Be Sure to check out Part I of this article on Friuli’s Attractions
The numerous museums devoted to arts and crafts have collected and preserved the area’s material culture like a treasure of memory and poetry: the Museo dell’Arrotino, in Val Resia, devoted to knife-grinders, evokes figures and words that have now disappeared, and the Permanent Exhibition of the Mining Tradition in Cave del Predil recounts the stories of the men who toiled in the depths of the earth.
Carnia is a territory where nature, tradition, sports and hospitality have come together to offer you a perfectly balanced holiday. The landscape is unforgettable: small parishes, votive churches set at the foot of rugged mountains, Alpine hamlets with their charming buildings made of stone and wood, and crafts shops where trades that have disappeared elsewhere have been handed down for generations. Discovering Carnia’s ancient face is a fascinating experience.
It is a return to an ancient world that has survived in little village shops. In Sutrio, skilled woodworkers created veritable works of art whose delicacy and harmony will enchant you. Since the 18th century, craftsmen from Val Pesarina have produced clocks with ingenious mechanisms that hark back to a Genoese pirate – Solari – who took refuge in these valleys, considered inaccessible at the time.
This extraordinary cultural heritage is demonstrated by a network of museums that dot the territory and differ in both subject and size, from the Museum of Popular Traditions and Arts in Tolmezzo to the “Mozartina” in Paularo, which displays antique and modern musical instruments that are perfectly functional.
Sauris-Zahre, the highest municipality in Friuli, is the homeland of a delicious type of smoked ham, and it still cherishes the Germanic traditions that have given the town its old-fashioned fairytale atmosphere. Carnia – like one big village – is the perfect place for marvellous excursions.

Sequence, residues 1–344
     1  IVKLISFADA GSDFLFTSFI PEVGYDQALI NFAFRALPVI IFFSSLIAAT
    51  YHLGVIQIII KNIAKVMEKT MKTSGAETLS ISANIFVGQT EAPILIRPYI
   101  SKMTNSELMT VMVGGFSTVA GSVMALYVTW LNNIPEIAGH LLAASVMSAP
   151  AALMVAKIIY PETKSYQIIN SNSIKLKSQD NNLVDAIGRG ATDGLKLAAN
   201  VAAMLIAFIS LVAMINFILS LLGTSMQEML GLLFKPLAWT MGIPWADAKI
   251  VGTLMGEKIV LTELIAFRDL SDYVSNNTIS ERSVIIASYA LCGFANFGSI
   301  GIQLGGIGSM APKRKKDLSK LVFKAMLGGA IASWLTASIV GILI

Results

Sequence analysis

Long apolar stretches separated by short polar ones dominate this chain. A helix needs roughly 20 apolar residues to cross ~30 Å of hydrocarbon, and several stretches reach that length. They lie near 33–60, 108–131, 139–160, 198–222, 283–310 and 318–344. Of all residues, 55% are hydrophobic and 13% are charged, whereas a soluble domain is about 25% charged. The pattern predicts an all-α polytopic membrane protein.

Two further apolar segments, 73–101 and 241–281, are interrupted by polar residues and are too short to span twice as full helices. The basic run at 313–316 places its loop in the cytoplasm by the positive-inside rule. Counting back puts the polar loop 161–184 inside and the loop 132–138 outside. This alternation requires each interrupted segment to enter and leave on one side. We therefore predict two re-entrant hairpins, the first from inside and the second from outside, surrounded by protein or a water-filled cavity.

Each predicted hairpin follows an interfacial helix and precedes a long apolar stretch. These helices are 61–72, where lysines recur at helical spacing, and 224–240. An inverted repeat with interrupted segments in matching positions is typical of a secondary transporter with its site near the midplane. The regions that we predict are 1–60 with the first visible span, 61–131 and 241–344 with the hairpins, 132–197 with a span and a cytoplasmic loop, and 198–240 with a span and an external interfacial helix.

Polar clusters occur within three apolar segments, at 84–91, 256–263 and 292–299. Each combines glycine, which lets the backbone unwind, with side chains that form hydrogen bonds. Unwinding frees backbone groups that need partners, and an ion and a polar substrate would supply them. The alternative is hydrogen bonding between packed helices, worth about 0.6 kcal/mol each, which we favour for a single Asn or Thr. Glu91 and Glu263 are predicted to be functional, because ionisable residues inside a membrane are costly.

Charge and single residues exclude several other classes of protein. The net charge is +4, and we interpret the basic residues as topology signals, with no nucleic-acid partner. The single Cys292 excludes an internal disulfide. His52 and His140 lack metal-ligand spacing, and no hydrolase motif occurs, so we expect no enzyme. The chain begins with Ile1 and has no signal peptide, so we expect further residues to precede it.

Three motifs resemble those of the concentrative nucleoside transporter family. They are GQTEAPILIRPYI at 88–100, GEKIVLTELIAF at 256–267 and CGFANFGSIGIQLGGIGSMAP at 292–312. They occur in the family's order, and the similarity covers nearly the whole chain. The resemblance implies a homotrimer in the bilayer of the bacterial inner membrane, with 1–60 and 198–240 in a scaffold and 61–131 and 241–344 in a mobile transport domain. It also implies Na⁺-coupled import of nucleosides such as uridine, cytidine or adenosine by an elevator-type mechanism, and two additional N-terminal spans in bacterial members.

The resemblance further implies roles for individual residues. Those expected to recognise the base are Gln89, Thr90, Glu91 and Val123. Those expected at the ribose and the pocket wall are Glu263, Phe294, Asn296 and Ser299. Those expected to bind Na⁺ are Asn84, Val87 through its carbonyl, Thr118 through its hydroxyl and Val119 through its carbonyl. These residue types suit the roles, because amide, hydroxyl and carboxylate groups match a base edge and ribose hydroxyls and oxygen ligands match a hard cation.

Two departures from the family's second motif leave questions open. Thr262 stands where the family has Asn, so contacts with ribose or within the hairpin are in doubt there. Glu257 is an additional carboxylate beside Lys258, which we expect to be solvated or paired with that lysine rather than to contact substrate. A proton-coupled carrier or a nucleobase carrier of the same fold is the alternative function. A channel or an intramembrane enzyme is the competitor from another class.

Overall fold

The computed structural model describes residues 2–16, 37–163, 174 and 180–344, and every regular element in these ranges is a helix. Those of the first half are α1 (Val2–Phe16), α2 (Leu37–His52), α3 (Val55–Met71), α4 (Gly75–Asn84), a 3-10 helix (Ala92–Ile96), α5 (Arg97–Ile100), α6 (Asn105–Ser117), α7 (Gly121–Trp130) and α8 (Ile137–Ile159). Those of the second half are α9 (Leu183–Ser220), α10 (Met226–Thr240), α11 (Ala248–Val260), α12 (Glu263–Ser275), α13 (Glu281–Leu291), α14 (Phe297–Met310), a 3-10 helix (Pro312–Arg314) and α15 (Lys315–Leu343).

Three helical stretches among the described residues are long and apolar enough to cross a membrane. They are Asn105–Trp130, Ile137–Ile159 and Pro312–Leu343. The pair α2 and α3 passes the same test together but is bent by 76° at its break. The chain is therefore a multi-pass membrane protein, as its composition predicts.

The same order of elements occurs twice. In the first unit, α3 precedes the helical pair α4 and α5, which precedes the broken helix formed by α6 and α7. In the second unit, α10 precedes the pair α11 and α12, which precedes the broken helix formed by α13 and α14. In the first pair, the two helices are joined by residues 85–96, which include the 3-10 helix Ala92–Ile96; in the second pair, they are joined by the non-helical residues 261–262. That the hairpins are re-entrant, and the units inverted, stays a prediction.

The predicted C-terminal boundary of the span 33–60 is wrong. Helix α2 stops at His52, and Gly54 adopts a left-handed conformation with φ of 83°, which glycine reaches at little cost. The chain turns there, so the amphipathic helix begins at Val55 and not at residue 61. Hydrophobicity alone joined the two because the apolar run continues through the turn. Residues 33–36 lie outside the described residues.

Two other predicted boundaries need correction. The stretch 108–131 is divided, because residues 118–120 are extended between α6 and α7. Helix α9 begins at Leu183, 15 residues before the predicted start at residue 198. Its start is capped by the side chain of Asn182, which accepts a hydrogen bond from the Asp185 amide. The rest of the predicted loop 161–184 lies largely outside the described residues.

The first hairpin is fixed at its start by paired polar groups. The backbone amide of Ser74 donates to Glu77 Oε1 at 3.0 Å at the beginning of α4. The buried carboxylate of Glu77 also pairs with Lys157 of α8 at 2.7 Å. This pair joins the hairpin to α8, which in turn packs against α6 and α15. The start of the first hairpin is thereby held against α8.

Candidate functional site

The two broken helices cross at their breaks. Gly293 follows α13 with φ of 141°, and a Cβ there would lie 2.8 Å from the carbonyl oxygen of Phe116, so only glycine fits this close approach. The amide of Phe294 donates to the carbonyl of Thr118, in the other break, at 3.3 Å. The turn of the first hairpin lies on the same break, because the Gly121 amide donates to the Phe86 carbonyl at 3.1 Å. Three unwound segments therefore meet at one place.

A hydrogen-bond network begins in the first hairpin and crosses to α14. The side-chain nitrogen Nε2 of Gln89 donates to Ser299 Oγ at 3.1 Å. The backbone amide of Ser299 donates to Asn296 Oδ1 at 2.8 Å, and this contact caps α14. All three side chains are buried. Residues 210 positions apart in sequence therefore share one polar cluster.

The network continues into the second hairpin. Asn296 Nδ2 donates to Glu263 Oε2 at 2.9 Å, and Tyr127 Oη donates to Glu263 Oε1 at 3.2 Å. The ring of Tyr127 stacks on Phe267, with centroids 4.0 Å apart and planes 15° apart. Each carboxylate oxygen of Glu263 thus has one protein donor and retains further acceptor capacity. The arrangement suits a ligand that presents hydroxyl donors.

On foot or astride a mountain bike, you can take panoramic routes or follow ancient roads to discover archaeological sites. Or you can walk through the trenches and visit the military posts of the Italian-Austrian front from the First World War. Wherever you go, you will meet the people of these valleys, and you’ll come to know and love their proud character and extraordinary hospitality.
You can choose from a network of small family-run hotels, which will make you feel at home; in Lauco, Ovaro, Sutrio, Sauris e Comeglians you can try the unique experience of alberghi diffusi, multi-building hotels that combine typical hotel services with the charm of staying in picturesque homes. Walking aficionados who want to hike along one of the 15 trails of the Via delle Malghe can stay at some of the small houses used by herdsmen or take advantage of the network of simple but cosy refuges.
In the evening, the people of Carnia will keep you company with their storytelling. There is the true story of the Cossacks of the Don, an entire population that, towards the end of the Second World War, arrived here from the steppe with horses, carts and camels.
And there is the fantastic tale of the Sbilfs, the mischievous elves that live in the woods and only show their faces to those whose hearts are pure.
Carnia: authentic in every way
An ancient rhythm, in the wood of skilled artisans, in the clocks of eighteenth-century tradition, in parish churches of timeless worship. From the highest village in Friuli, Sauris, the home of a delicious cured ham, right down through valleys and enchanting villages. In albergo diffuso hotels and refuges. Sbilfs and… Cossacks.
Forra del Vinadia
The canyon of the torrent Vinadia is a miraculous gift of nature. Formed by thousands of years of erosion, it offers experts an itinerary of waterfalls, small lakes and impressive walls that, at some points, are so close together that they block out the sky.
The Butterfly House
Near Bordano, the interior of the “Casa delle Farfalle” (the Butterfly House) reproduces breathtaking exotic gardens, where, day after day, more than 400 of the world’s most beautiful butterflies court each other, feed on blossoms and reproduce.
The Alpine foothills and the Carso: history and nature
Gentle white storks and majestic griffons. Butterflies brightly colouring meadows and walls. Bonfires for predicting the future and mediaeval reenactments. And why not visit the caves filled with thousands of stalactites and stalagmites. Including the largest tourist cave in the world.
The Alpine foothills, which boast a delightful variety of landscapes, are the perfect destination for those who want to enjoy a natural pace, in touch with a farming culture that is still very much a part of everyday life.